Projected Benefit Obligation (PBO),
Definition of Projected Benefit Obligation (PBO):
Companies can provide employees with a number of benefits, including a salary, when they retire from work. The Financial Accounting Standards Board's (FASB) Statement of Financial Accounting Standards No. 87 states that companies must measure and disclose their pension obligations, together with the performance of their plans, at the end of each accounting period. .
A projected benefit obligation (PBO) is an actuarial measurement of what a company will need at the present time to cover future pension liabilities. This measurement is used to determine how much must be paid into a defined benefit pension plan to satisfy all pension entitlements that have been earned by employees up to that date, adjusted for expected future salary increases.
An estimate of the present value of an employees pension which assumes that the employee will continue to work. The actuarial formula used to calculate the Projected Benefit Obligation takes into account future increases in pension contributions that would take place as the employees salary increases. For a company the PBO is an estimate of the pension liability. See also Accumulated Benefit Obligation (ABO).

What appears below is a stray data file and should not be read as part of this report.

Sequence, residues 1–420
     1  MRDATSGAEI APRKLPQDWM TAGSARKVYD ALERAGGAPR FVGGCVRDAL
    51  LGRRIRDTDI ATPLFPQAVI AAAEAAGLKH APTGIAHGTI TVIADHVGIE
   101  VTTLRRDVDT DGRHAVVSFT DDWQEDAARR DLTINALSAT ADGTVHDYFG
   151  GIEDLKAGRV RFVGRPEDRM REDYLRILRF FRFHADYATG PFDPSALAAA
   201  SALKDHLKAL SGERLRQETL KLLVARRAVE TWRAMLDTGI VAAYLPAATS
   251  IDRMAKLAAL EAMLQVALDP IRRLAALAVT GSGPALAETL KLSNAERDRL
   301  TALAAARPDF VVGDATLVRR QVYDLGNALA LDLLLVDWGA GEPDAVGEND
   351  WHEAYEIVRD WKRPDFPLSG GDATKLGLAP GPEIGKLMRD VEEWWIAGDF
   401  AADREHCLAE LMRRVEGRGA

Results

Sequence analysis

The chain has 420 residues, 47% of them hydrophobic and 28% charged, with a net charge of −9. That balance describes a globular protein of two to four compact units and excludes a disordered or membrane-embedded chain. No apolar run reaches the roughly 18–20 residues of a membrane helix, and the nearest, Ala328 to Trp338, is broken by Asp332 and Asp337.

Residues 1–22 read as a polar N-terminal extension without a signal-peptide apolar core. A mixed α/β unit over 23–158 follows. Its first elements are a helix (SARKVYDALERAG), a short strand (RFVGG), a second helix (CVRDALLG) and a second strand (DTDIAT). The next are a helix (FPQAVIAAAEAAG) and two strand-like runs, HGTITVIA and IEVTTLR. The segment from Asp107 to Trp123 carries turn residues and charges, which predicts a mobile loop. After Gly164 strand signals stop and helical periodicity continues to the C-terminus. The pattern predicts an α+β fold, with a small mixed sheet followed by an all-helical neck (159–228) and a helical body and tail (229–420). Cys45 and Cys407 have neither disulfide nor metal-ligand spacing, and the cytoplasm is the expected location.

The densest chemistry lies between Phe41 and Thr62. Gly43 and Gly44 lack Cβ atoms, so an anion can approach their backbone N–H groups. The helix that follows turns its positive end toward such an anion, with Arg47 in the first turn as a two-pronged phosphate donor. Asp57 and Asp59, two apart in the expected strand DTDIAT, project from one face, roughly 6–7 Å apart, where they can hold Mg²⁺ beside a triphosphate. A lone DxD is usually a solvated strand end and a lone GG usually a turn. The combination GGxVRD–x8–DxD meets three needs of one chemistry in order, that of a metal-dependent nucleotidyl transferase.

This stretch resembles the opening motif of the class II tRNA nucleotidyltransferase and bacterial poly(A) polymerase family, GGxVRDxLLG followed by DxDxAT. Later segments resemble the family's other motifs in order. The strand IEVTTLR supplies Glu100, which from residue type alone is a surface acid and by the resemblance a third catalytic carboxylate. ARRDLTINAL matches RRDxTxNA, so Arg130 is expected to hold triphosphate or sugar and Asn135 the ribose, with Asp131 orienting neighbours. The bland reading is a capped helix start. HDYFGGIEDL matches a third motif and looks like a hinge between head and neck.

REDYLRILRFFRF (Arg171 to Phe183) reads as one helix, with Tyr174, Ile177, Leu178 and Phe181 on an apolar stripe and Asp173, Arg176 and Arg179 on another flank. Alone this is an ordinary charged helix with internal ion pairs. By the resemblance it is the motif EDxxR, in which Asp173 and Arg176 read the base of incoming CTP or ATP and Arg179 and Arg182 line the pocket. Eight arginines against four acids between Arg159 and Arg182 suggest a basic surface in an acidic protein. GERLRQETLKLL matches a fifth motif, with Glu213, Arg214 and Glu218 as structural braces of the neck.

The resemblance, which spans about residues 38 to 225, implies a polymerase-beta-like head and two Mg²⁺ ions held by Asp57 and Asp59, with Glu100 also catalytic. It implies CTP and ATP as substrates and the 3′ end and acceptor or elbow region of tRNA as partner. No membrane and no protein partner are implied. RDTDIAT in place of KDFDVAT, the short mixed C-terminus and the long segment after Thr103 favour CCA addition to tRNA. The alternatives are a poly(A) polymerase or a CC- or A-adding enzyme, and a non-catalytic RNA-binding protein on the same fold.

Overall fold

How to use Projected Benefit Obligation (PBO) in a sentence?
- Projected benefit obligation (PBO) assumes that the plan will not terminate in the foreseeable future and is adjusted to reflect expected compensation in the years ahead.
- A projected benefit obligation (PBO) is an actuarial measurement of what a company will need at the present time to cover future pension liabilities.
- Actuaries are responsible for using the projected benefit obligation (PBO) in order to calculate whether or not pension plans are underfunded.
Meaning of Projected Benefit Obligation (PBO) & Projected Benefit Obligation (PBO) Definition